In exchange for this kindness, Flint Hill has informed students of the mandatory Business Dress days during special school occasions, such as our recent all-school gathering. “I don’t despise them, but it’s kind of a pain. I think five per year is not unreasonable, though,” responded freshman Brecken Paige, when asked about her opinion on business dress days. Students have been abiding by this exchange but have made small requests, such as fewer limitations on what to wear and how dress shoes often had people coming into the nurse’s office for bandaids. A suggestion of the guidelines following what the original dress code was has been another suggestion. With a relaxed dress code and Business Dress days as a compromise, the Flint Hill community has a mixture of thoughts and opinions, waiting to be voiced.


During mid-morning Office Hours on September 16, students were allowed to showcase their talents during Open Mic. After signing up, from 10:30 to 11:00 a.m. students take turns using their voices to spread their capabilities and creativity. This opportunity, though many students do not participate, is seen in a positive light. “I think it’s a cool idea. I like that people have a way to share their creativity,” shared one anonymous student. The ability to showcase your talents not only prepares performers for real-life audiences but shows audience members the different capabilities of their peers.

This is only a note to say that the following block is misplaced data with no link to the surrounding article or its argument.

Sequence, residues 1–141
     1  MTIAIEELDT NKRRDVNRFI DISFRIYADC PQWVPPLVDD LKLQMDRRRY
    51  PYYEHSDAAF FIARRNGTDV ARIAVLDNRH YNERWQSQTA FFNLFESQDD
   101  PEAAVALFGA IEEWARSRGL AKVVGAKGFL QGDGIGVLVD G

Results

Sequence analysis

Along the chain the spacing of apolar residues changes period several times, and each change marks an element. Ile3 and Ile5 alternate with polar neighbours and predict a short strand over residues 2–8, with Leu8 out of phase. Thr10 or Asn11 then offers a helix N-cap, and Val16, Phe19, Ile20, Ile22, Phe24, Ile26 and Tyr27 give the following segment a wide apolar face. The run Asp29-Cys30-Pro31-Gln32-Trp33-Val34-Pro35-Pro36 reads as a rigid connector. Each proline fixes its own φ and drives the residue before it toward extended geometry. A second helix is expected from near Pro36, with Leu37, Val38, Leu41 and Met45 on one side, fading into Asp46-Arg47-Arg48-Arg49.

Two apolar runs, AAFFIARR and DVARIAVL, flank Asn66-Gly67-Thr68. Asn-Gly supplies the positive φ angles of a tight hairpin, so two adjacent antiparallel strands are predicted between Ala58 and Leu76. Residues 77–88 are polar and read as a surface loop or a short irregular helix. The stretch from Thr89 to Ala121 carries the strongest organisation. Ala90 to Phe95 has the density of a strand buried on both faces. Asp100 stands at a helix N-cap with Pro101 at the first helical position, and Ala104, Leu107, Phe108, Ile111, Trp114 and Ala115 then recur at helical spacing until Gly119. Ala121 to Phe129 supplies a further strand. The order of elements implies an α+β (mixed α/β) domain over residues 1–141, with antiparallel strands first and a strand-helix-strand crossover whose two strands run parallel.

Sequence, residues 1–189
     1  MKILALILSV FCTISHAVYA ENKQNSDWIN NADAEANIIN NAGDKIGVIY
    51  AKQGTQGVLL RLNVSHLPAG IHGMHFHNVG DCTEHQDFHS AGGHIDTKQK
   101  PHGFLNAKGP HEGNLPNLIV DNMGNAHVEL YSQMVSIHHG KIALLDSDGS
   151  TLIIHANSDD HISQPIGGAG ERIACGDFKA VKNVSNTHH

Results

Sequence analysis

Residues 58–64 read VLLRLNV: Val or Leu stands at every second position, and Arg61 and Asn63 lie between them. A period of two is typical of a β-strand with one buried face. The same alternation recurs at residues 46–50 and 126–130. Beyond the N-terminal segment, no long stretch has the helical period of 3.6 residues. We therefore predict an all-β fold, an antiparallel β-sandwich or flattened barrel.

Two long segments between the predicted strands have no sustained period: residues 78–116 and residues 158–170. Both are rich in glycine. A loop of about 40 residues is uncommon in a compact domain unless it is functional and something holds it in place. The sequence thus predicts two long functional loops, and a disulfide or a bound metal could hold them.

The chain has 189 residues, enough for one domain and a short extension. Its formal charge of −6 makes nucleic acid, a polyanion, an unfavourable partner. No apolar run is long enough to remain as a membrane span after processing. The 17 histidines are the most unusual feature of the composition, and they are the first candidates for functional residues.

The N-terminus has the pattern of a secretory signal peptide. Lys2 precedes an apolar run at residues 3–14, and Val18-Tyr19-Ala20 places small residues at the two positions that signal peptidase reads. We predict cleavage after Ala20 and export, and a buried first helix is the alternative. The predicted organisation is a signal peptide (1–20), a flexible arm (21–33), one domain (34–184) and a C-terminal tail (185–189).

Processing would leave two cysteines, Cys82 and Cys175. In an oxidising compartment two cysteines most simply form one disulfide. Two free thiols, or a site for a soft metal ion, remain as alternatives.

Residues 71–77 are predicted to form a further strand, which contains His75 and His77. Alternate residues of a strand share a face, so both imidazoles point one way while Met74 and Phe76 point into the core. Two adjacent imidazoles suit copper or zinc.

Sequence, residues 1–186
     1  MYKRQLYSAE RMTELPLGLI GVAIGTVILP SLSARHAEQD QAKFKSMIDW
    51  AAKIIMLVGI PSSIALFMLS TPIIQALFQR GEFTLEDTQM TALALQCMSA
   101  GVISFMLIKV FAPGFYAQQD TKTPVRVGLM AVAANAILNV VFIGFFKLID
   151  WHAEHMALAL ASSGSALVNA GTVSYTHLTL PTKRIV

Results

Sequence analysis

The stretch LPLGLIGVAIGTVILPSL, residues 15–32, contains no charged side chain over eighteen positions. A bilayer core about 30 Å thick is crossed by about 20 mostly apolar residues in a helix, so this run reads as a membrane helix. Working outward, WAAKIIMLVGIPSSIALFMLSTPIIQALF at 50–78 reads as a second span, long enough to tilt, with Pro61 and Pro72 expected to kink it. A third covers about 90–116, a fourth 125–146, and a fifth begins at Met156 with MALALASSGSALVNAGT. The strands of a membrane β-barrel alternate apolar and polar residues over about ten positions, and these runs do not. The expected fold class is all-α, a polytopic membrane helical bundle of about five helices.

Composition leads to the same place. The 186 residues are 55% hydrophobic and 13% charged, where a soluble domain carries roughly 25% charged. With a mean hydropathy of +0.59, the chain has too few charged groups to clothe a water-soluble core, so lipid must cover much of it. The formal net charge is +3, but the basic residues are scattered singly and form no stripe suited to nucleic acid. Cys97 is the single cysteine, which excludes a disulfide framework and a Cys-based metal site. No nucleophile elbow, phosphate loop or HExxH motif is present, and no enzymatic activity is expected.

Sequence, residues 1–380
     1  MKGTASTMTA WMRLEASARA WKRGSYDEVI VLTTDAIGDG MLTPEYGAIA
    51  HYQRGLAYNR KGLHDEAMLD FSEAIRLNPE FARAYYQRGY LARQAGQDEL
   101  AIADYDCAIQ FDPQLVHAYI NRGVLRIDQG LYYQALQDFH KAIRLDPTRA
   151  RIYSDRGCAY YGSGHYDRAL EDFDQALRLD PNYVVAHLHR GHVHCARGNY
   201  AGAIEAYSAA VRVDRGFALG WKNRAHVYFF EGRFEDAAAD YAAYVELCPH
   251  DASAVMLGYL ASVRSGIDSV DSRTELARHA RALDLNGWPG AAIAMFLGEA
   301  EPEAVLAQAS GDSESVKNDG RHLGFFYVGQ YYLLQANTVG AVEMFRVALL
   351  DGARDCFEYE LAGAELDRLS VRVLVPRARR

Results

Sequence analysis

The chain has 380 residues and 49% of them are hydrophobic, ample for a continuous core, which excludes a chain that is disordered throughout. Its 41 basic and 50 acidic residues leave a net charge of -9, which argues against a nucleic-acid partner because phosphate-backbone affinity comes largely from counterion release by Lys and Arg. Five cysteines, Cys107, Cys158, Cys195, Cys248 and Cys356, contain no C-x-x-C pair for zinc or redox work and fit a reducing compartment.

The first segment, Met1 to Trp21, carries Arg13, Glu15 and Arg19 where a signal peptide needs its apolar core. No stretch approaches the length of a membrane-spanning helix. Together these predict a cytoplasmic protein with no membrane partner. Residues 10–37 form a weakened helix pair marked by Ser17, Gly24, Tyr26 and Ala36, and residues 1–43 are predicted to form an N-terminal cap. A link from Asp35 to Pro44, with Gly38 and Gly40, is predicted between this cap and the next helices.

March of 2020 marked the beginning of the Covid-19 pandemic, forcing people to mask to avoid the sickness that was ripping its way through the world. Towards the end of the 2021/22 school year, Flint Hill made masking completely optional which has carried into the current school year. This lack of necessity has created a feeling of moving on from this challenge and has sparked positive remarks from many students. “I think getting rid of the mask mandates was definitely the right move,” responded a student who would rather remain anonymous. “If people are more comfortable wearing them then they still can, but I don’t think the pandemic would’ve ever come to a close if we kept wearing masks. We needed to take steps to get out of the pandemic and I think stopping mask mandates was the right thing to do.” To some, this change has marked the closing of the chapter we knew as the Coronavirus pandemic. This closure has prompted events to return to normal, also agreed on by Paige, “It’s so awesome to sit next to people and see their faces and everything like that. I love having a normal high school experience.” As with the idea of returning to normality, the concept of common illnesses, such as colds, has begun to spread as usual. The Flint Hill community took a big hit from the pandemic, and as a community, we have been supporting each other to return to normalcy.


New members of the Flint Hill community are settling into the school year, alongside returning students becoming acclimated to the new changes. As Huskies, we are taught to stand alongside one another as one family, this also means adjusting as a family. All the new changes made have been considered to benefit each member of Flint Hill; with that in mind, good luck and I hope you all have a good 2022-23 school year.